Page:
‘NorthBanksy’ paints tribute to Arsenal fan Tashan
Mystery artist creates wall piece dedicated to Gunners supporter killed on his way to match
Friday, 14th January — By Anna Lamche
Projection showing how the artist’s Tashan Daniel work will look. Instagram: @RealNorthBanksy
AN Arsenal fan who has left Banksy-style artworks on walls around north London will be painting a tribute to a supporter who was stabbed to death on his way to a match.
The mystery artist plans to honour Tashan Daniel who died before the Gunners’ fixture against Nottingham Forest in 2019.
It will appear at the old police station building in Blackstock Road.
“I remember taking my son to that game – he [Tashan] didn’t get to,” said the artist, who has been christened “NorthBanksy” by online followers. “Those guys stormed Hillingdon [tube station] and murdered him for nothing.”
The painting comes as Arsenal launched their “No More Red” campaign against knife crime.
‘Goonerholic’ by NorthBanksy
The artist is not endorsed by the club and is not affiliated in any official way. He said if he was, it would restrict some of his content. For the past few years, he has left a series of black and white paintings on walls relating to the team.
In 2019, he stenciled a picture of midfielder Granit Xhaka on fierce rivals Spurs’ stadium.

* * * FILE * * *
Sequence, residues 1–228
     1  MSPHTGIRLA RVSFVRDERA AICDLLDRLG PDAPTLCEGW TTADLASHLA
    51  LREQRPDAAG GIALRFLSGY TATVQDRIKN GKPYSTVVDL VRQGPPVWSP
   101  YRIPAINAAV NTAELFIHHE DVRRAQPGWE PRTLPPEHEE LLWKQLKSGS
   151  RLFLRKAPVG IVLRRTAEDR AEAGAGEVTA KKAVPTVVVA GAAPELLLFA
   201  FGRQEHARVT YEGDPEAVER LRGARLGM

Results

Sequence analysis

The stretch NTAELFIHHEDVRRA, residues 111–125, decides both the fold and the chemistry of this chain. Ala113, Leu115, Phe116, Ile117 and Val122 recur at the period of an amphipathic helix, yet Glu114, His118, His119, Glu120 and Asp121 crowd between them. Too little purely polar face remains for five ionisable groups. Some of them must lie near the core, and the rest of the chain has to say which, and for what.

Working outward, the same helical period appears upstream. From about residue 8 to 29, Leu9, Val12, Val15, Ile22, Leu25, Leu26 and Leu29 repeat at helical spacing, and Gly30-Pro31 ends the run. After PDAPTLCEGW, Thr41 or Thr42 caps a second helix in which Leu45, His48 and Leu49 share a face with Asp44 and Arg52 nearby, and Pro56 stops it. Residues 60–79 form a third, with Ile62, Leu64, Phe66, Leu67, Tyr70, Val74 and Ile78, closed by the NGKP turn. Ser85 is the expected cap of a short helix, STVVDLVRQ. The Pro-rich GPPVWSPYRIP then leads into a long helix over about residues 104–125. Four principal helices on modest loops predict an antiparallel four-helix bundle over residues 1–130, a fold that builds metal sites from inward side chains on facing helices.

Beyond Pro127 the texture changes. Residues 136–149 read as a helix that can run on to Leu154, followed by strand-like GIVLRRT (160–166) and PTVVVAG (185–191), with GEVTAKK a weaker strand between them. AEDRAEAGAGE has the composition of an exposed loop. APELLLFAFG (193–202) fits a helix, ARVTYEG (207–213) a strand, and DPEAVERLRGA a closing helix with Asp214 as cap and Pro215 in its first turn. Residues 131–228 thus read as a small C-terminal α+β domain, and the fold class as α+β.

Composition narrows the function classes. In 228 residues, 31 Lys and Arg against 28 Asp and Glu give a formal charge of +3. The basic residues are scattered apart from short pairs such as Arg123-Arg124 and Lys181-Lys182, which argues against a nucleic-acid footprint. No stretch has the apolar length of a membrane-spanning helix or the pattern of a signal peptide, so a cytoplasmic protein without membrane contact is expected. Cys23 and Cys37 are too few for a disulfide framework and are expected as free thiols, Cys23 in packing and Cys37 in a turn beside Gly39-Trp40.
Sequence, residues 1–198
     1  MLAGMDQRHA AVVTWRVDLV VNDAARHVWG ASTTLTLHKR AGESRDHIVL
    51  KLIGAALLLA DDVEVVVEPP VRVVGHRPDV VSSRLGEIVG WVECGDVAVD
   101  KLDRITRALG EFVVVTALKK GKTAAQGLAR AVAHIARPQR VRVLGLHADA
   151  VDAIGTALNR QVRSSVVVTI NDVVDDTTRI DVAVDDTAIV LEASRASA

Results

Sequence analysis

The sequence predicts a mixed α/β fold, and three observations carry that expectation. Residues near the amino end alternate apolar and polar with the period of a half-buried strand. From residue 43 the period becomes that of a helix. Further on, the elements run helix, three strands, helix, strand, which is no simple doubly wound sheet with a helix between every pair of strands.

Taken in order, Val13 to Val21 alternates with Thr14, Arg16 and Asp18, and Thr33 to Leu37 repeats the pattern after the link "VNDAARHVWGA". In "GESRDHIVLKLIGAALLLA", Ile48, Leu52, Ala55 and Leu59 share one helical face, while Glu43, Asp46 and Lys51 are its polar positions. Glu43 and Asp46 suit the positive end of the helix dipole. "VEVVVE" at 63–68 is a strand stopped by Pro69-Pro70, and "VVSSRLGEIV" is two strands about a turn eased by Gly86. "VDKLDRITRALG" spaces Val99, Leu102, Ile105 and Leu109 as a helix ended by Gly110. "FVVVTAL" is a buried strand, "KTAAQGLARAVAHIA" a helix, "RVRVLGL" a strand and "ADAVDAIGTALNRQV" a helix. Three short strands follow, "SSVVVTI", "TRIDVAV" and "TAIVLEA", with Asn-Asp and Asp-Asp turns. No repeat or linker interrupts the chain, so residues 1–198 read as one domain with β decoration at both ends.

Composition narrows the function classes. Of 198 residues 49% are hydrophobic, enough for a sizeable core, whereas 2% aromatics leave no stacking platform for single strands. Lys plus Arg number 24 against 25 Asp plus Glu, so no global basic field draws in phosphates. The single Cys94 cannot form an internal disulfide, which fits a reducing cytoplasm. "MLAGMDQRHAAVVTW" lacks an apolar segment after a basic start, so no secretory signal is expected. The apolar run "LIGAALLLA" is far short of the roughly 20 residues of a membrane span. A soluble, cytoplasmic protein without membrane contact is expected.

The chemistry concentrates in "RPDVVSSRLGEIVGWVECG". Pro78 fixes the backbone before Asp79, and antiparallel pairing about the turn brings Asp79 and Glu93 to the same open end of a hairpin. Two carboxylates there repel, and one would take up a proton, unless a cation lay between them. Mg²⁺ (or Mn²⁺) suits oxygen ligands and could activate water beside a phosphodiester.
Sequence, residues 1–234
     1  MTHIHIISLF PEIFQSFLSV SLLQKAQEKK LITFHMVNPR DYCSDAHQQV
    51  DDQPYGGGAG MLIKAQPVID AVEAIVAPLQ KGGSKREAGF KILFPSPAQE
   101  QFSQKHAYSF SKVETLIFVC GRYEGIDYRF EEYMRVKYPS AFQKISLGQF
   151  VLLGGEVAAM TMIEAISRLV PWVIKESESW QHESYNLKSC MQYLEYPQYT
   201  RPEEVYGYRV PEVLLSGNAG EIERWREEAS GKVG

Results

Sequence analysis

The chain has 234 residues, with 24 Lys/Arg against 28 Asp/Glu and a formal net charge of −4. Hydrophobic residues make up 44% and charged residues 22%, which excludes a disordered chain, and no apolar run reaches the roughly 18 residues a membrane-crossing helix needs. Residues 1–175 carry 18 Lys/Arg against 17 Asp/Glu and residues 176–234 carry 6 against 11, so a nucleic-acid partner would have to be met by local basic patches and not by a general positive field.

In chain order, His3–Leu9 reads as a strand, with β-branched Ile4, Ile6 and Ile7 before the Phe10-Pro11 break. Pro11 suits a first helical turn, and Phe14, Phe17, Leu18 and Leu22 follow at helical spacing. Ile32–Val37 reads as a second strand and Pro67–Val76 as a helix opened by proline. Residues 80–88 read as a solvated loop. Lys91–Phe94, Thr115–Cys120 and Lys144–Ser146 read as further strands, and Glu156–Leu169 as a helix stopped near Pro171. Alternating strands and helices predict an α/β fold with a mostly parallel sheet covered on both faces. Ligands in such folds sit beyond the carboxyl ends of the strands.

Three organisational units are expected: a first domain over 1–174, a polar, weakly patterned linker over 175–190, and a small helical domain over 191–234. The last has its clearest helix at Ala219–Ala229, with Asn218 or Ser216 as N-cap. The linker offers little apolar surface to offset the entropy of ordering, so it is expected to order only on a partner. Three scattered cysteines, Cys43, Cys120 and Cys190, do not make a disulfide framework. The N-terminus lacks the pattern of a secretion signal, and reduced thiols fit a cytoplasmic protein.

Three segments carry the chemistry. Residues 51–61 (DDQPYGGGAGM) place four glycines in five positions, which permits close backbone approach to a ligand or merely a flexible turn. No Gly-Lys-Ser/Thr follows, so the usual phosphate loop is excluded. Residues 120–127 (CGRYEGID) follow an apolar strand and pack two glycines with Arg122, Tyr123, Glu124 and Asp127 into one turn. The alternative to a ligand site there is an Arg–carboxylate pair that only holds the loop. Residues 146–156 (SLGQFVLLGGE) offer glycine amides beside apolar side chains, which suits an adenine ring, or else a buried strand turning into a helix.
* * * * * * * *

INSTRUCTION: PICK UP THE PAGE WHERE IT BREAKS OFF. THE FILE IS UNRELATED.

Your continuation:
He posted an online video of it which went “really viral” – and before he knew it “the police turned up, they’d traced me to the graffiti and handcuffed me in front of my wife in my bedroom”, he said.
The case went to court but was dropped due to lack of evidence – CCTV footage of the incident had been lost.
Other works include stars Bukayo Saka and Emile Smith Rowe embracing, a memorial to the late Arsenal blogger “Goonerholic” – and a more recent work about the refereeing in one of Arsenal’s matches.
Bukayo Saka and Emile Smith Rowe by NorthBanksy
“Obviously official artists affiliated with the club are not going to do something like this because it’s potentially libellous,” he said.
NorthBanksy said he is not interested in commercialising his work. “My idea is to do something that you can’t buy,” he said. “Lots of artists who do Arsenal are all running Etsy shops. I’m not going to have a lockup of £2 Arsenal tea towels for sale on Etsy.”
He added: “Everyone nowadays seems to want to either become famous or rich, as if that’s the final apex of human endeavour. I don’t do it for that. This is for me and you, and you can look at it if you’re in the area, you can even find it if it’s still there. But nothing lasts forever: we don’t, my paintings don’t. People like that it’s popping up and adding to the culture. All the other Arsenal stuff is sponsored.”
The artist said the Emirates Stadium is at the core of north London.
“During lockdown, it grew a heart – this funny, strange, soulless stadium,” he said. “Everyone was going there every day for their allotted hour [of exercise]. For me, Arsenal is much more than somewhere I go to watch football. On those terraces it’s like a big family from all around the world.”